Hawk v. Klaetsch et al

Filing 31

Order granting 5 MOTION to Dismiss. Conecuh County, the Conecuh County Commission and Sheriff Edwin Booker are dismissed as defendants for failure to state a claim on which relief can be granted. The defendants' request for award of costs and fees is denied. Signed by Chief Judge William H. Steele on 4/3/2012. (tgw)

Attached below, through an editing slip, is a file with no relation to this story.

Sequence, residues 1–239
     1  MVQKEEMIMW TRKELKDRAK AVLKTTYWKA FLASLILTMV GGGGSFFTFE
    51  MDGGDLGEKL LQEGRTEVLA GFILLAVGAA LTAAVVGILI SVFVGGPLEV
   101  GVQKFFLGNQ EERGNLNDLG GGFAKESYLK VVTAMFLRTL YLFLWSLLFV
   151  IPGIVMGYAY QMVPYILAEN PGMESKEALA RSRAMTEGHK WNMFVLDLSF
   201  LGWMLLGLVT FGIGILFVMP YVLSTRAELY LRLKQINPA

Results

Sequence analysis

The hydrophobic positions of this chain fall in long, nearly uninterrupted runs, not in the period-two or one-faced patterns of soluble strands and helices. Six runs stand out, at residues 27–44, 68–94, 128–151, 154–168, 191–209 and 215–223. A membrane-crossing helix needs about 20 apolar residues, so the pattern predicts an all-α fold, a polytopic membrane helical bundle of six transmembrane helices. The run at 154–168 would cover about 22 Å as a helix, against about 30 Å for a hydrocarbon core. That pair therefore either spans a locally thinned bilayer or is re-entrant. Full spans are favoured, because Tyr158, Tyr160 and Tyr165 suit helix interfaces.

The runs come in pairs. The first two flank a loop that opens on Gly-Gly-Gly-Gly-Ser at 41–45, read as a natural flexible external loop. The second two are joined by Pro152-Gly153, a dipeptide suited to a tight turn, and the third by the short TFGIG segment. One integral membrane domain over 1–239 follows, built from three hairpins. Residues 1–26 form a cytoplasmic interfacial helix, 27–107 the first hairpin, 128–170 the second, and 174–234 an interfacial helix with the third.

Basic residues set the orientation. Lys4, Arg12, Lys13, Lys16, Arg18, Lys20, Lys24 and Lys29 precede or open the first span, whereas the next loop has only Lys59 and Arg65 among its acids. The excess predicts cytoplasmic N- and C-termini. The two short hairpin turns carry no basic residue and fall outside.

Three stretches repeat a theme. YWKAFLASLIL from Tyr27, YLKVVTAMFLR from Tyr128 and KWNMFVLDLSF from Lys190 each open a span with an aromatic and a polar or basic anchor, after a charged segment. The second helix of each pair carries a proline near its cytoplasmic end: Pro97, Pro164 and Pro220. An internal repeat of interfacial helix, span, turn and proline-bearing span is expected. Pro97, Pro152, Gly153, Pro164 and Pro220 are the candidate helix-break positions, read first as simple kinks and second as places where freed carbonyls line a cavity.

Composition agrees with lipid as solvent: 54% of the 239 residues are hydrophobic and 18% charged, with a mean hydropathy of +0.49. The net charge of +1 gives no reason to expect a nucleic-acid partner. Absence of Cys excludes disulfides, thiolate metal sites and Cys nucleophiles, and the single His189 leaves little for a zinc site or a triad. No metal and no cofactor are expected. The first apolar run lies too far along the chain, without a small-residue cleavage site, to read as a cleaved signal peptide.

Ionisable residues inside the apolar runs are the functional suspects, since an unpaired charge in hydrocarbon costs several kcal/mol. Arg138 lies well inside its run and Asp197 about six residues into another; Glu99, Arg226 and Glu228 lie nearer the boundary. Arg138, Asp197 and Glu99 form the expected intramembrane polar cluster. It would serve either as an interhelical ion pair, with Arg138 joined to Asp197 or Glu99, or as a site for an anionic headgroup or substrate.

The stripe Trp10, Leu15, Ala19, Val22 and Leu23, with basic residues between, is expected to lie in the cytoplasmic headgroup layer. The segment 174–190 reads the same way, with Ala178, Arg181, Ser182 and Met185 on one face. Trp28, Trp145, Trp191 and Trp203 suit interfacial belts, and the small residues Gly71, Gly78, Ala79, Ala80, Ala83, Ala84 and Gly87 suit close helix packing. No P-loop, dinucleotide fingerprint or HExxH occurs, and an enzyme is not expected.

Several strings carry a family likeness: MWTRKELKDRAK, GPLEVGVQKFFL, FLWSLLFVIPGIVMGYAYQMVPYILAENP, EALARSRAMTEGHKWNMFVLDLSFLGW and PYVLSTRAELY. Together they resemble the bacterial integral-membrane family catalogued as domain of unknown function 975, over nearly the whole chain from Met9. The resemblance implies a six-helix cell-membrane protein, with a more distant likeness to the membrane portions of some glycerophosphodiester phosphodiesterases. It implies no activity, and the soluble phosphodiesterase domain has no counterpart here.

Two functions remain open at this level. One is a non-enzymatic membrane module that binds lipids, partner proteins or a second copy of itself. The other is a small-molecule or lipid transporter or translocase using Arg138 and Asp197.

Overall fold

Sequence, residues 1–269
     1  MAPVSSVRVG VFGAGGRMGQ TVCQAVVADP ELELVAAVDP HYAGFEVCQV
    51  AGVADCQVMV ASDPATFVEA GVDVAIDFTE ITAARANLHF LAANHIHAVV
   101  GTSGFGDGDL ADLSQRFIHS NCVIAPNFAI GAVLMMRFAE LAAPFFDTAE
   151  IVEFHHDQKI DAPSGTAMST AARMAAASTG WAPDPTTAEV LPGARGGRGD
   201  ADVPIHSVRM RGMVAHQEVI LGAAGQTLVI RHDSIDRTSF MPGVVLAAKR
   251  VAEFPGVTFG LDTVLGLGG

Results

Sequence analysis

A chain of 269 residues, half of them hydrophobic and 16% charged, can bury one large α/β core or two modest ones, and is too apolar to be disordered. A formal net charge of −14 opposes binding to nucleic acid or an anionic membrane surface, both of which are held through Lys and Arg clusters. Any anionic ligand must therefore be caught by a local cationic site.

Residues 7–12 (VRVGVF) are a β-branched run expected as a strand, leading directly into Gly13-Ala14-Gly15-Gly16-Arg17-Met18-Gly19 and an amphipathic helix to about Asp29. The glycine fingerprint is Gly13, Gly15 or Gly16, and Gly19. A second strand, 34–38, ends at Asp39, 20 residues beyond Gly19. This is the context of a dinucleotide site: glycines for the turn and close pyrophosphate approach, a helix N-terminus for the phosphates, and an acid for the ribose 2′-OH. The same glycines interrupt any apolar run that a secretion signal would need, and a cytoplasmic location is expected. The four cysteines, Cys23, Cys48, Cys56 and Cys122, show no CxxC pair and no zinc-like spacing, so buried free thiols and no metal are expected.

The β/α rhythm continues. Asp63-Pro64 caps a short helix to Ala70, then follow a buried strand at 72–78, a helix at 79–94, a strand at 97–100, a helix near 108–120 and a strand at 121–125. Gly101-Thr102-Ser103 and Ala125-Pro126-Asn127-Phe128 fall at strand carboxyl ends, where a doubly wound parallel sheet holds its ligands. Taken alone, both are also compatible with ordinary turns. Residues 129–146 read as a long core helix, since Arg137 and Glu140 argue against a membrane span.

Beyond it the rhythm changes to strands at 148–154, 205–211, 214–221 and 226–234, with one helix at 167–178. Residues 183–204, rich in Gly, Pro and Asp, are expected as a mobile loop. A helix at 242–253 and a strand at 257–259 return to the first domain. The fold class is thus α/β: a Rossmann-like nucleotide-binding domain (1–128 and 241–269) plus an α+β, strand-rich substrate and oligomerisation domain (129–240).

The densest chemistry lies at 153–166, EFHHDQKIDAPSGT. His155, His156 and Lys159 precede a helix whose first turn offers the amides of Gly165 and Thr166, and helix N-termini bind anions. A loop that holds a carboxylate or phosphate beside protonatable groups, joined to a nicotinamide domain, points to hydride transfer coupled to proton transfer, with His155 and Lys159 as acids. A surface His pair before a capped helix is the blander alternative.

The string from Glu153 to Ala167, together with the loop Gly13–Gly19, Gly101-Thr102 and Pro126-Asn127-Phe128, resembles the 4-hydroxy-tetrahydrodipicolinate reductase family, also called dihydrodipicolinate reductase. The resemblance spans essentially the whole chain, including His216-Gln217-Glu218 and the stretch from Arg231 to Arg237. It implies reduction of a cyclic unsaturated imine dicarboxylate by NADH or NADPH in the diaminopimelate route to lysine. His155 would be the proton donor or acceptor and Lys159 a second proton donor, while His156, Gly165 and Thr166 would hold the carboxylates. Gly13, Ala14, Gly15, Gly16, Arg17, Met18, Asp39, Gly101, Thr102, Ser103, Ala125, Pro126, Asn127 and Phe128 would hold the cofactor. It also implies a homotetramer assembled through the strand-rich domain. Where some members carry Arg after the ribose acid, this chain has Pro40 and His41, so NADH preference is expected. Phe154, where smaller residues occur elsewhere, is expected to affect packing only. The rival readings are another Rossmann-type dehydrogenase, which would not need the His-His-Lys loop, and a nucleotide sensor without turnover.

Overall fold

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IN THE UNITED STATES DISTRICT COURT FOR THE SOUTHERN DISTRICT OF ALABAMA SOUTHERN DIVISION MICHAEL GABRIEL HAWK, Plaintiff, v. SEAN KLAETSCH, et al., Defendants. ) ) ) ) ) CIVIL ACTION 12-0058-WS-B ) ) ) ) ORDER This matter is before the Court on the motion of defendants Conecuh County Commission (“the Commission” or “the County”)1 and Conecuh County Sheriff Edwin Booker to dismiss. (Doc. 5). The parties have filed briefs in support of their respective positions, (Docs. 6, 19, 22), and the motion is ripe for resolution. BACKGROUND As relevant to the movants, the complaint alleges that the plaintiff was arrested by a city police officer for failure to register as a sex offender and was taken to the Conecuh County jail, where he was placed in isolation. After seven days he was allowed to take a shower. Although other inmates in isolation were taken to the trustees’ dorm for their shower, the plaintiff was taken to a dorm known to have violent criminals and gang members. A guard stated he would stand outside the shower, but he left. Inmates attacked the plaintiff at the request of another defendant and inflicted a broken nose, a broken tooth and two lost teeth, among other injuries. The altercation occurred in an area 1 The complaint describes the Commission as the governing body of the County and identifies the defendant sometimes as the County and sometimes as the Commission. (Doc. 1 at 3, 15-16). They are for present purposes the same. [1] clearly visible from the jail’s control booth, but no one came to assist the plaintiff until he managed to push a wall button to summon assistance. The plaintiff was thereafter denied permission to see a dentist, receive pain medication or be sent to a mental health facility, although he was taken to a hospital. (Doc. 1 at 6-7). Count VIII alleges that Booker’s “deliberate indifference to the hiring, lack of training and supervision of his deputies, jailers and of other jail personnel” resulted in the plaintiff being “brutally assaulted, suffer[ing] injuries, and [being] denied needed medical attention,” in violation of the plaintiff’s Fifth, Eighth and Fourteenth Amendment rights. Count IX alleges that Booker’s actions represent official policy of the Commission, rendering the Commission liable for the constitutional violations set forth in Count VIII. DISCUSSION The movants first attack the sufficiency of the plaintiff’s pleading under Bell Atlantic Corp. v. Twombly, 550 U.S. 544 (2007), and Ashcroft v. Iqbal, 129 S. Ct. 1937 (2009). Booker also invokes qualified immunity, and the Commission denies potential legal liability for the conduct of Booker. The Court considers these arguments in turn. I. Pleading. To survive dismissal under Rule 12(b)(6), a complaint must first satisfy the pleading requirements of Rule 8(a)(2). Twombly, 550 U.S. at 555. “A pleading that states a claim for relief must contain … a short and plain statement of the claim showing that the pleader is entitled to relief ….” Fed. R. Civ. P. 8(a)(2). Rule 8 establishes a regime of “notice pleading.” Swierkiewicz v. Sorema N.A., 534 U.S. 506, 512, 513-14 (2002). It does not, however, eliminate all pleading requirements. First, the complaint must address all the elements that must be shown in order to support recovery under one or more causes of action. “At a minimum, notice pleading requires that a complaint contain inferential allegations from which we can identify each [2] of the material elements necessary to sustain a recovery under some viable legal theory.” Wilchombe v. TeeVee Toons, Inc., 555 F.3d 949, 960 (11th Cir. 2009) (emphasis and internal quotes omitted). Pleading elements is necessary, but it is not enough to satisfy Rule 8(a)(2). The rule “requires more than labels and conclusions, and a formulaic recitation of the elements of a cause of action will not do” to satisfy that rule. Twombly, 550 U.S. at 555. There must in addition be a pleading of facts. Though they need not be detailed, “[f]actual allegations must be enough to raise a right to relief above the speculative level ....” Id. That is, the complaint must allege “enough facts to state a claim for relief that is plausible on its face.” Id. at 570. “A claim has facial plausibility when the plaintiff pleads factual content that allows the court to draw the reasonable inference that the defendant is liable for the misconduct alleged.” Iqbal, 129 S. Ct. at 1949. “The plausibility standard … asks for more than a sheer possibility that the defendant has acted unlawfully,” and “[w]here a complaint pleads facts that are merely consistent with a defendant’s liability, it stops short of the line between possibility and plausibility of entitlement to relief.” Id. (internal quotes omitted). A complaint lacking “sufficient factual matter, accepted as true, to state a claim to relief that is plausible on its face” will not “survive a motion to dismiss.” Id. But so long as the plausibility standard is met, the complaint “may proceed even if it strikes a savvy judge that actual proof of those facts is improbable, and that a recovery is very remote and unlikely.” Twombly, 550 U.S. at 556 (internal quotes omitted). Booker is sued as a supervisor, because he “was in charge of the deputies and jailers … and was responsible for the hiring, training, supervision, direction and conduct of the jail staff.” (Doc. 1 at 3). “Supervisory liability lies where the defendant personally participates in the unconstitutional conduct or there is a causal connection between such conduct and the defendant’s actions.” Harper v. Lawrence County, 592 F.3d 1227, 1236 (11th Cir. 2010). The causal connection can be established in any of three ways (for a total of four potential bases of liability). The first requires both a “history of widespread [3] abuse” placing the supervisor “on notice of the need to correct the alleged deprivation” and the supervisor’s failure to do so. The second is established “when a supervisor’s custom or policy … result[s] in deliberate indifference to constitutional rights.” The third requires that the supervisor “directed the subordinates to act unlawfully” or “knew” they would do so “and failed to stop them from doing so.” Id. (internal quotes omitted). As discussed below, the complaint alleges no facts making any of these four potential bases of Booker’s supervisory liability plausible.2 First, the complaint does not accuse Booker of personally participating in the plaintiff’s beating or in the denial of medical treatment, and it is quite plain from the complaint’s thorough rendition that Booker did not personally participate. Even in brief, the plaintiff does not contend otherwise. Second, the complaint does not allege that Booker directed his subordinates to beat the plaintiff and deny him treatment. Similarly, it does not allege that he knew the subordinates would do so and yet failed to stop them. Again, the plaintiff in brief does not attempt to rescue his complaint on this ground. As noted, the complaint faults Booker for failing to train and supervise jail personnel adequately. A failure to train or supervise can support supervisory liability, but there must be a history of widespread abuse putting the supervisor on notice of the need to correct the conduct by additional training or supervision. Cotton v. Jenne, 326 F.3d 1352, 1361-61 (11th Cir. 2003). The complaint alleges no such history and no such notice. Nor does the plaintiff assert any such history or notice in his brief. The only avenue left open to the plaintiff, then, is to establish that a custom or policy of Booker resulted in deliberate indifference to his constitutional rights. 2 The movants suggest there is no such animal as supervisory liability after Iqbal. (Doc. 6 at 11, 12 n.4). Given the Court’s analysis herein, there is no need to explore this suggestion in detail. The Court notes, however, that the Eleventh Circuit in Harper upheld a supervisory liability claim post-Iqbal. [4] Though the plaintiff cites no authority for the proposition, the Court assumes for argument that a supervisor’s studied refusal to train or supervise can amount to a “custom or policy” for purposes of imposing supervisory liability. But the complaint alleges no such custom or policy. In his brief, the plaintiff suggests that the mere fact he was assaulted and denied treatment makes it plausible that such a custom or policy existed, (Doc. 19 at 3), but the Eleventh Circuit has already rejected that proposition. Barr v. Gee, 437 Fed. Appx. 865, 875 (11th Cir. 2011) (county liability). Even had the existence of such a custom or policy been plausibly alleged, the claim would fail. A municipal custom or policy of failure to train or supervise is actionable only if the city was deliberately indifferent to the rights of its inhabitants, Lewis v. City of West Palm Beach, 561 F.3d 1288, 1293 (11th Cir. 2009), and the plaintiff acknowledges that the same standard requires him to show that Booker was deliberately indifferent to the danger posed by his failure to train or supervise. (Doc. 1 at 14-15; Doc. 19 at 4). Deliberate indifference requires a showing that the defendant was on notice of a need to train or supervise in a particular area and made a deliberate choice not to do so. Lewis, 561 F.3d at 1293. That notice must spring either from a past “pattern of constitutional violations” or a likelihood of such violations “so high that the need for training would be obvious,” id., and the complaint alleges neither. An unadorned allegation of deliberate indifference (which is all the complaint provides) is but a label, a conclusion, a formulaic recitation of elements, which Twombly identifies as inadequate to satisfy Rules 8(a)(2) and 12(b)(6). 550 U.S. at 555. Without a pleading of facts making the allegation of deliberate indifference plausible, the claim must be dismissed. E.g., Lee v. Alachua County, 2012 WL 555805 at *1 (11th Cir. 2012); Simpson v. Stewart, 386 Fed. Appx. 859, 861 n.1 (11th Cir. 2010); Brown v. Hillsborough County Sheriff’s Office, 342 Fed. Appx. 552, 554-55 (11th Cir. 2009). Because the complaint as to Booker fails to comply with the precepts of Twombly and Iqbal, it is due to be dismissed on that basis. Because the complaint as to the [5] Commission depends on the complaint as to Booker, it is due to be dismissed on the same basis. II. Qualified Immunity. “[G]overnment officials performing discretionary functions generally are shielded from liability for civil damages insofar as their conduct does not violate clearly established statutory or constitutional rights of which a reasonable person would have known.” Harlow v. Fitzgerald, 457 U.S. 800, 818 (1982). “[T]he burden is first on the defendant to establish that the allegedly unconstitutional conduct occurred while he was acting within the scope of his discretionary authority.” Harbert International, Inc. v. James, 157 F.3d 1271, 1281 (11th Cir. 1998). The burden then shifts to the plaintiff to show that the defendant’s conduct “violated a clearly established statutory or constitutional right.” Grayden v. Rhodes, 345 F.3d 1225, 1231 (11th Cir. 2003). The inquiry may be broken down into two parts: (1) whether the facts alleged, if true, would establish a violation of the plaintiff=s rights; and (2) whether these rights were clearly established at the time of the alleged deprivation. Id. “[T]he burden is first on the defendant to establish that the allegedly unconstitutional conduct occurred while he was acting within the scope of his discretionary authority. ... If, and only if, the defendant does that will the burden shift to the plaintiff to establish that the defendant violated clearly established law.” Harbert International, 157 F.3d at 1281 (emphasis added). The reason is that an official acting outside the scope of his discretionary authority “ceases to act as a government official and instead acts on his own behalf,” so that “the policies underlying the doctrine of qualified immunity no longer support its application.” Id. For purposes of federal qualified immunity analysis, a defendant acts within his discretionary authority when “his actions were undertaken pursuant to the performance of his duties and within the scope of his authority.” Rich v. Dollar, 841 F.2d 1558, 1564 (11th Cir. 1988) (internal quotes omitted). That is, “[w]e ask whether the government [6] employee was (a) performing a legitimate job-related function (that is, pursuing a jobrelated goal), (b) through means that were within his power to utilize.” Holloman ex rel. Holloman v. Harland, 370 F.3d 1252, 1265 (11th Cir. 2004). “The inquiry is not whether it was within the defendant’s authority to commit the allegedly illegal act,” but “whether the act complained of, if done for a proper purpose, would be within, or reasonably related to, the outer perimeter of an official=s discretionary duties.” Harbert International, 157 F.3d at 1282 (internal quotes omitted). For example, the issue is not whether a marshal has the authority to deliver a prisoner into unconstitutional conditions but whether he has the authority to transport and deliver prisoners. Id. (describing Jordan v. Doe, 38 F.3d 1559, 1566 (11th Cir. 1994)). On its face, the complaint alleges that Booker was responsible for the training, supervision, direction and conduct of jail personnel. (Doc. 1 at 3). It then alleges that Booker was deliberately indifferent to these official responsibilities. (Id. at 14-15). The complaint itself thus establishes that Booker was acting within his discretionary authority, a proposition the plaintiff does not dispute. (Doc. 19 at 3-5).3 The discussion in Part I resolves the second part of the qualified immunity analysis. The facts alleged, if true, would not establish a violation of the plaintiff’s constitutional rights by Booker, because they do not present a plausible basis for supervisory liability. Thus, Booker is entitled to qualified immunity and dismissal under 3 See, e.g., Daniels v. City of Hartford, 645 F. Supp. 2d 1036, 1057 (M.D. Ala. 2009) (“[C]ourts have uniformly held that supervision of a jail and training of corrections of officers [sic] is an activity within the discretionary authority of a County Sheriff in Alabama.”); Btesh v. City Maitland, 2011 WL 3269647 at *37 n.34 (M.D. Fla. 2011) (police chief’s “alleged failure to train and supervise police officers is a matter within his discretionary authority”); Herrick v. Carroll County, 2009 WL 3094843 at *9 (N.D. Ga. 2009) (“There is no question that Sheriff Langley was acting within his discretionary authority in training and supervising his subordinates ….”). [7] Rule 12(b)(6). Pearson v. Callahan, 555 U.S. 223, 232 (2009); Skrtich v. Thornton, 280 F.3d 1295, 1306 (11th Cir. 2002).4 III. County Liability. The complaint alleges that Booker’s actions represent the official policy of the County “in matters of law enforcement, general operation of the Conecuh County Jail, and the jail’s security.” The complaint concludes that the County is liable for Booker’s alleged constitutional violations. (Doc. 1 at 15). In Alabama, “the duties of the counties with respect to the jails are limited to funding the operation of the jail and to providing facilities to house the jail,” and “[t]he County has no authority to manage the sheriff’s employees.” Turquitt v. Jefferson County, 137 F.3d 1285, 1289 (11th Cir. 1998) (en banc) (internal quotes omitted). Consequently, “[t]he County cannot be liable for the harms that befall jail inmates due to improper operation of the jail or negligent supervision of its inmates because the County has no responsibility in that area.” Id. at 1291. Attempting to dodge this bullet, the plaintiff claims that the complaint actually bases the County’s liability on its failure to satisfy its obligation, as delineated in Turquitt, to provide adequate jail funding, including for training and for surveillance monitoring equipment. (Doc. 19 at 5). But the complaint patently makes no such allegation. While its preliminary description of the Commission mentions its duty “to provide funding for personnel, equipment, medical care, services and facilities necessary to properly operate the jail,” (Doc. 1 at 3), nowhere does the complaint allege that the 4 “Because qualified immunity is only a defense to personal liability for monetary awards resulting from government officials performing discretionary functions, qualified immunity may not be effectively asserted as a defense to a claim for declaratory or injunctive relief.” Ratliff v. DeKalb County, 62 F.3d 338, 340 n.4 (11th Cir. 1995); accord Swint v. City of Wadley, 51 F.3d 988, 1001 (11th Cir. 1995); D’Aguanno v. Gallagher, 50 F.3d 877, 879 (11th Cir. 1995). The complaint, however, seeks only damages. (Doc. 1 at 15). [8] Commission violated this duty. Instead, as quoted above, it charges only a failure with respect to law enforcement, jail security and general operation of the jail – all of which areas lie beyond the County’s authority and thus, under Turquitt, beyond the reach of civil rights liability. CONCLUSION For the reasons set forth above, the motion to dismiss is granted. Conecuh County, the Conecuh County Commission and Sheriff Edwin Booker are dismissed as defendants for failure to state a claim on which relief can be granted.5 DONE and ORDERED this 3rd day of April, 2012. s/ WILLIAM H. STEELE CHIEF UNITED STATES DISTRICT JUDGE 5 The movants’ motion includes a request for an award of costs and attorneys’ fees under Section 1988. (Doc. 5 at 2; Doc. 6 at 18). Their briefing does not address, much less demonstrate satisfaction of, the exacting standard for such an award to a prevailing defendant. The request, construed as a motion for such costs and fees, is thus denied. [9]